After dinner is present time! My sister has let me play santa the last few years, something I greatly appreciate. I pick up the presents from under the tree, reads who they are to and from, and delivers it to the right person.
I don't wish for much for Christmas these days. Nowadays my biggest wish is for something knitted from my aunts. The rest I let be a surprise. Except for that awesome monopoly game I told my sister about last year, which I thankfully got.
Present haul.
Phineas and Ferb Monopoly, AWESOME!
When the presents are cleared away we have coffee and christmas cakes. We have that every day until we run out to be fair, but Christmas Eve is when we start digging into the supply.
We also start eating that yellow cake in the picture above, it is sort of our Christmas cake. It is called a success tart even though it is not technically a tart. It wasn't successful either this year, as I messed up the cream. It is supposed to be more bright yellow. And my mom spilled soda on it, the two brown dots you see. Up close the cake looked like it was covered in something a baby regurgitated. But it tasted fine!

We watch a movie, usually something on the telly, depends on what is airing. But this year my sister and I decided to watch Rise of the Guardians, because we have fallen utterly in love with it. It is actually an easter film, since that is when the movie takes place, but we'll probably end up seeing it at both Christmas and Easter. After all, there is a Norwegian song that goes 'Christmas lasts until Easter'.

And that is it for Christmas Eve.

For Christmas day, the 25th of December, I am raised into the peculiar tradition that I am not allowed to go outside Christmas day. I think many visits family on this day, but I stay inside. When I was little I usually stayed in my pajamas all day and read an entire book.

This Christmas day I tried out my new monopoly game with my sister. And I actually won! That never happens, as my sister has the luck of Gladstone Gander and wins every card and board game she plays.
Ironically, it was Isabella who did Phineas (my sister) inn.

The rest of the day I spent on my playstation and mac. And I watched The Pinchcliffe Grand Prix, another must see Christmas film. It is a Norwegian stop motion-animated film that I love very much.

The period between 2nd/3rd Christmas day and the new year we Norwegians call romjul, or sometimes mellomjul (in-between Christmas). In this period it is common to meet up with friends and family. It is also very common among the younger to go out partying. A lot of clubs host big 2nd and/or 3rd Christmas day parties.

For me there has long been a tradition to have a private party with my orchestra the 3rd Christmas Day. We have a Christmas concert at the local church, and afterwards the younger generation of members meet up and celebrate. We take it in turns amongst ourselves to host. In 2013 I took it upon myself to host the party, even though I'm not an active member this season due to my studies in Glasgow. 2013 was also a jubilee year, it was the 40th anniversary for the Christmas concert. My orchestra and the two local choirs celebrated with two concerts instead of one. I got to sit and listen for once, and it was lovely.

Due to the double performance we started the party a little later than usual. Time flew by and suddenly it was the middle of the night. Or morning. It was fantastic and lovely seeing my orchestra mates again. I'm used to seeing them at least once a week and now I had suddenly been without them for several months. I was almost sad when the last guests left, but then again it was close to 6 am so it was about time. I did some cleaning, went to bed around 7 am and slept for four or five hours. Then I got up to clean the floors properly before my parents came home. I had sent them away for the occasion, just so you know.

My parents came home to a clean house and were satisfied nothing was broken and all were in order. We went out to eat and watch The Desolation of Smaug, but first I stopped by the post office to pick up a Christmas present for myself. Look at my smashing LSP headphones! Thanks to the statue at Frati, the restaurant, for being my model.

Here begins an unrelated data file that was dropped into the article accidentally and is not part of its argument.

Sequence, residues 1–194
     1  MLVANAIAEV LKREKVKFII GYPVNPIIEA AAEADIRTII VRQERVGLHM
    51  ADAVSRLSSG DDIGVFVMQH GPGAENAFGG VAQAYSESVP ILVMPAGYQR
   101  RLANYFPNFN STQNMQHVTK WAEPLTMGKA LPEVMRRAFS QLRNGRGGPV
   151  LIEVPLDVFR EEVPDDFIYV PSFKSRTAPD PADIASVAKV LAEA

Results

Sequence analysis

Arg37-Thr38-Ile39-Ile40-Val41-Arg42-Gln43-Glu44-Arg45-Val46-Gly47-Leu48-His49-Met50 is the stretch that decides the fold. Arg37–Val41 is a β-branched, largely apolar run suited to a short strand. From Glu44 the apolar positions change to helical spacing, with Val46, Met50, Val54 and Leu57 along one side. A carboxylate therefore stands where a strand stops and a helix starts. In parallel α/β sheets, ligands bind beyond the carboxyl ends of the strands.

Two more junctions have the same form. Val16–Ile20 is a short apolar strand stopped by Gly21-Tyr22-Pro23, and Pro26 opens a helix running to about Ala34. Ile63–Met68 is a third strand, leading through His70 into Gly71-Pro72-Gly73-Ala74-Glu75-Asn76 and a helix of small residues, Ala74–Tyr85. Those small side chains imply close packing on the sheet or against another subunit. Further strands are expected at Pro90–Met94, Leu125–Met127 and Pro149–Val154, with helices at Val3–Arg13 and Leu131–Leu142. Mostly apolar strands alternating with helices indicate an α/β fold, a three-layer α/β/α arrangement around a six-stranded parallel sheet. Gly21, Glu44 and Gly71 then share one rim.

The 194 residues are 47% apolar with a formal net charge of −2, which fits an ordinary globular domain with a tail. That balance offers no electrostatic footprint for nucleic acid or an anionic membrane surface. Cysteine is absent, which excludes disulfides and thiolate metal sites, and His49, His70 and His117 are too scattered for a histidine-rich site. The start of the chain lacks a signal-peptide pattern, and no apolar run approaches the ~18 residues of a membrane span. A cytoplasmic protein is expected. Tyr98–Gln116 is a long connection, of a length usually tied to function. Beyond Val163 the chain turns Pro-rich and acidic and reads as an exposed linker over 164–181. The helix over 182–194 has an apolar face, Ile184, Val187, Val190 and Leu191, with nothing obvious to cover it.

I didn't get to meet all the friends I would like to have met, as some of them were in different parts of the country with their own families. I had an awesome evening catching up with my fellow Torucon organizers, though. The tough bunch you see below are the ones responsible for giving you a fabulous Torucon 2014.

The last exciting thing to happen in 2013 was that I bought myself a new camera! I was tired of seeing so much of Scotland and only have my outdated compact camera to document it with. I told my parents I wanted a single-lens reflex camera for Christmas, but didn't expect to get one. And I didn't. Get one, that is. But I did get some chocolate and a note saying they would sponsor half the camera. I am now the happy owner of a brand new camera. (Picture taken with photo booth, sorry about the quality. My mac is from the Iron age, (which is still better than my phone, which is from the Stone Age))
It's out with the old and in with the new, goodbye clouds of grey, hello skies of blue...
(No I did not watch High School Musical 2 this Christmas. More than once, that is.)
I ran around the house taking pictures when I got home, pretending I was a good photographer. Which I am not, I still need to learn how to use my new camera properly.

So, not the best photographer but the pictures are clear and crisp. Now I have to practice being creative and taking good shots. And perhaps learn to edit them properly and not just post them directly online like I do now.

And then we have New Year's Eve. Kids my age are supposed to go out partying or hang out with some friends, but I never really established any traditions in this regard. I eat turkey for dinner, and when the new year is approaching I go outside and watch the fireworks, and wish all my neighbours in my little neighbourhood a happy new year. That is pretty much it.

It was a nice opportunity to take pretty pictures of pretty fireworks, but I had been to busy playing Playstation to work out if my new camera had a fireworks function. It probably does, but I couldn't find it and tried out other settings instead.

At New Year's Day we have breakfast/lunch accompanied by the New Year's Concert of the Vienna Philharmonic.
This is very typical of my mom, watching the concert and winter sports on her ipad at the same time.
That is pretty much it for my holiday season. The start of january is equally relaxing as Christmas, because school and obligations haven't quite started yet. If you are in university, that is. The younger kids started school the 2nd of January this year. I don't envy them.

To finish off this rather long blog post, have a picture or two of my sister and me in our Marius jumpers. My mom just finished mine at the start of the new year. Thank you, mom! And thanks to everyone that has kept up with my ramblings.